Currently, more than 70 percent of the hysterectomy cases are carried out with robotic surgery while the rest are done with laparoscopic techniques. In 2003, the Singapore General Hospital performed its first robotic assisted laparoscopic prostatectomy using the da Vinci Surgical System. Other private hospitals such as the Mount Elizabeth Hospital (purchased in 2004) and National University Hospital (in 2008) also perform robotic surgery in various application areas such as urology, gynecology and general surgery among others. Local distributors of da Vinci Surgical Systems are also providing assistance to train surgeons in advanced technique.

Startup companies are few. One highlight in particular is Endomaster Pte. Ltd. being the first of its kind to provide an innovative robotic assisted surgical system for minimally invasive endoscopic surgery.  The system was collaboratively developed by Dr. Louis Phee from Nanyang Technological University and Prof Ho Khek Yu from National University of Singapore.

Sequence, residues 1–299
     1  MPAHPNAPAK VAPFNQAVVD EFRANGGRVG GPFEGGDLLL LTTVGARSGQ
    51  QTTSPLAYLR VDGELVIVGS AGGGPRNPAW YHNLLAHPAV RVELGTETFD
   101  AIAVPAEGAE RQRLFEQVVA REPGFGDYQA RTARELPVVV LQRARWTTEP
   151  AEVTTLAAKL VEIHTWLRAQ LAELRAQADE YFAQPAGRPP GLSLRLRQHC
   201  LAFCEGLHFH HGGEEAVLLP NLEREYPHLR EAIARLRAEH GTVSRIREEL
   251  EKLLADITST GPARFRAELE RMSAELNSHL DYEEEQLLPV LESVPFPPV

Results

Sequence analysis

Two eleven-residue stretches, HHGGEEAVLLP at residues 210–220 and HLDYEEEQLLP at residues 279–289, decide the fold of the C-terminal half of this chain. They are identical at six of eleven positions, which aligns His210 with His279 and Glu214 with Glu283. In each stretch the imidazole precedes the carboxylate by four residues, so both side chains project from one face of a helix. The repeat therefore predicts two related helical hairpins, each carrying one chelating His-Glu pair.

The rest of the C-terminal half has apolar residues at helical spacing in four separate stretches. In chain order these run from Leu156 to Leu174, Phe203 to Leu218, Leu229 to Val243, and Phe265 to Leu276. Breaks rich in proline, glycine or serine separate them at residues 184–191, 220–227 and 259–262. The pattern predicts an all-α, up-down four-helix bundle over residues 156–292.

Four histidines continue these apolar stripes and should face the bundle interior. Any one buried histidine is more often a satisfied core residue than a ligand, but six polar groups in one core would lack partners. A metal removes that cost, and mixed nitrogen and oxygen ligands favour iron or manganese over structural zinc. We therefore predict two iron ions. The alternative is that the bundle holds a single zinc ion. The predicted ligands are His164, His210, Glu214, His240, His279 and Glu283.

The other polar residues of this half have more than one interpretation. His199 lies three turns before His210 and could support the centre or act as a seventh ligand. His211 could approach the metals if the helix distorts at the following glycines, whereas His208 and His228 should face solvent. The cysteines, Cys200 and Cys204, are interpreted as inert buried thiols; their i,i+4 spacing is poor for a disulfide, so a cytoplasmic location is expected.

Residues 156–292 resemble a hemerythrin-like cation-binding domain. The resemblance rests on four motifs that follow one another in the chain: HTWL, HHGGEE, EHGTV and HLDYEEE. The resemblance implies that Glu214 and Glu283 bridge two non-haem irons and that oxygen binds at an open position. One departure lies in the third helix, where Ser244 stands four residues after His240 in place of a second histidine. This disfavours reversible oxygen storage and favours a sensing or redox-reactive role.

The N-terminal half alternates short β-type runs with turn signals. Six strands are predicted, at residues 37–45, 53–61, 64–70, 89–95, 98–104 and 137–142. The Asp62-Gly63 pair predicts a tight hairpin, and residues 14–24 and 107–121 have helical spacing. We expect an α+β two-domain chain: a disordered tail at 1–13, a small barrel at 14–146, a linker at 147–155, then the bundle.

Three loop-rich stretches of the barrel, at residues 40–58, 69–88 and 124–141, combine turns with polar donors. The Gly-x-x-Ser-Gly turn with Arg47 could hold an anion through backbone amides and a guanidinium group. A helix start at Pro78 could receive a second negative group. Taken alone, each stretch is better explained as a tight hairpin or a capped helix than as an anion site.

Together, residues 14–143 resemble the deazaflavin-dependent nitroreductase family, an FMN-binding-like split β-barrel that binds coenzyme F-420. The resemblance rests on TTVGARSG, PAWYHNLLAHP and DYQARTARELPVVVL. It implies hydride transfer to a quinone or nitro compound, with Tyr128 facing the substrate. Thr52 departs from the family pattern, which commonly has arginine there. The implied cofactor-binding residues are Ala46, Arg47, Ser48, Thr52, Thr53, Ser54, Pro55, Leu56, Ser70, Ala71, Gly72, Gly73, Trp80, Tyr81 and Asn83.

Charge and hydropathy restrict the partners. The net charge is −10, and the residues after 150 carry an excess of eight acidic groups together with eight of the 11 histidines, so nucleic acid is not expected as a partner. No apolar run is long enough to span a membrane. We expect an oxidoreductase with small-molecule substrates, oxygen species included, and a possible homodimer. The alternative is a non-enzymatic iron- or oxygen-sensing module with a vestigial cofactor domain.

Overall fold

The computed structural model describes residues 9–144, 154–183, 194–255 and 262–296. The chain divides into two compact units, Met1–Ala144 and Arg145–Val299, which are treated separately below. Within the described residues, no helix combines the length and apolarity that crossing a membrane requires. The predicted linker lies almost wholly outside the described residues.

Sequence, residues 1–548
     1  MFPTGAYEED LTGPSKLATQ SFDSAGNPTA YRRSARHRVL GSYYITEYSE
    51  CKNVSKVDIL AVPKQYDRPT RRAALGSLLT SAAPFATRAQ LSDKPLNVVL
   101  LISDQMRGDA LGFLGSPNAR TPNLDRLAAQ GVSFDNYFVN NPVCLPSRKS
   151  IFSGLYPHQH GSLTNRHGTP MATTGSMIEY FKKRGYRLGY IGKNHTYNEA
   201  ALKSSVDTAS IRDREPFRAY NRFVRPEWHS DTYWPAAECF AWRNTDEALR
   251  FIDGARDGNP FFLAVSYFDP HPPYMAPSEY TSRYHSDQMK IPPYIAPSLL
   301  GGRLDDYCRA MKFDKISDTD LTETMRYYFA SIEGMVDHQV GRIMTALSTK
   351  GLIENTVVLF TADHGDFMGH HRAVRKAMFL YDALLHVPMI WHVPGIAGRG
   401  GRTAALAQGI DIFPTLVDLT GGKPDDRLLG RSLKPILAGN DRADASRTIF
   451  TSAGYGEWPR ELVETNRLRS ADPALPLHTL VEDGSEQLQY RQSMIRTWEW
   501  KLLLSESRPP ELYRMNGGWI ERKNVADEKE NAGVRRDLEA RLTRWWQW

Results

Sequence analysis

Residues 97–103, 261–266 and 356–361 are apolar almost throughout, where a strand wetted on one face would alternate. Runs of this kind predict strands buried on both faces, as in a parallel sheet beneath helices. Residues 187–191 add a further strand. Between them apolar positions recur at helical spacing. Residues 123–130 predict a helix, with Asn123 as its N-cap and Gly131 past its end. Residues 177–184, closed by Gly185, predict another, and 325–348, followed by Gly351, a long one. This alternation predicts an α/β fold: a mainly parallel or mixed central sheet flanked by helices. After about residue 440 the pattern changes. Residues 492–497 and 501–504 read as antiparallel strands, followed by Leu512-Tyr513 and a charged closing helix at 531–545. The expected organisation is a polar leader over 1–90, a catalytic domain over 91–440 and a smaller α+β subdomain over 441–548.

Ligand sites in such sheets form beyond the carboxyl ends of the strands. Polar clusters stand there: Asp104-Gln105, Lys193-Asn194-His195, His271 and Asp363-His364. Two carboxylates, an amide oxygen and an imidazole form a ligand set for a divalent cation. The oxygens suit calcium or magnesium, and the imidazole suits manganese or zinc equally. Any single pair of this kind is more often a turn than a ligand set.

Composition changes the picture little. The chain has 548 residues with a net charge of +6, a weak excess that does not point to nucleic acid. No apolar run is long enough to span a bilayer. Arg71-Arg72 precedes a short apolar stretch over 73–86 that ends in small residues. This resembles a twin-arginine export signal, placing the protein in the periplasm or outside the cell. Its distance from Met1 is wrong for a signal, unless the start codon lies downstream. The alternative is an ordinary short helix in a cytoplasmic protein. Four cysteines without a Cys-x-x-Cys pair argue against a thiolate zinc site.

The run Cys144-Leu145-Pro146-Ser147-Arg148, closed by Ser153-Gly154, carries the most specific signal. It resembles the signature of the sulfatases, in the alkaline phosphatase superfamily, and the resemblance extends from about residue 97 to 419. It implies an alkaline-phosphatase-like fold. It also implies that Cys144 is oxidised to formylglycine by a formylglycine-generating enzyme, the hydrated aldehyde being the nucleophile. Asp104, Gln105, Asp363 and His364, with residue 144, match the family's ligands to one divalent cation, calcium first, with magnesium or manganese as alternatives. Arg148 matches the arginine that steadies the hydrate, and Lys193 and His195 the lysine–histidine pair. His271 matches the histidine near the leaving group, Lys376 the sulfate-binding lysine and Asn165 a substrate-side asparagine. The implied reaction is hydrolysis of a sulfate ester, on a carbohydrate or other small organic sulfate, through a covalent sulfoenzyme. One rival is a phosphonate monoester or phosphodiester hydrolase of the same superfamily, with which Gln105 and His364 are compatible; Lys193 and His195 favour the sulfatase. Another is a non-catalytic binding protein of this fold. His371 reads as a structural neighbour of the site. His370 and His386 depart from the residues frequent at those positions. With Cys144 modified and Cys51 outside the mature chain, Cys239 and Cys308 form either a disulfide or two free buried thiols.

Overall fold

India
According to the Vattikuti Foundation (a non-profit promoting robotic surgeries), currently utilizes a wide range of western-developed surgical robots, including the da Vinci. There are plans to install more than 200 surgical robots and increase the number of robot assisted surgeries to more than 20,000 in the next two years.

Currently, there are more than 50 surgical robots into action operated by more than 300 specialized robotic surgeons. An average of 700 robotic assisted surgeries are performed every month in the nation governing the growing demand for the minimally invasive technology.

See related:
Speculative Robotics
Can Robot Sentinels Warn of Viruses?
Mobile robots bristling with sensor tech and AI—like an electronic “smart nose”—might provide early warning enough to prevent Wuhan-like disasters.

 

Close Menu
Subscribe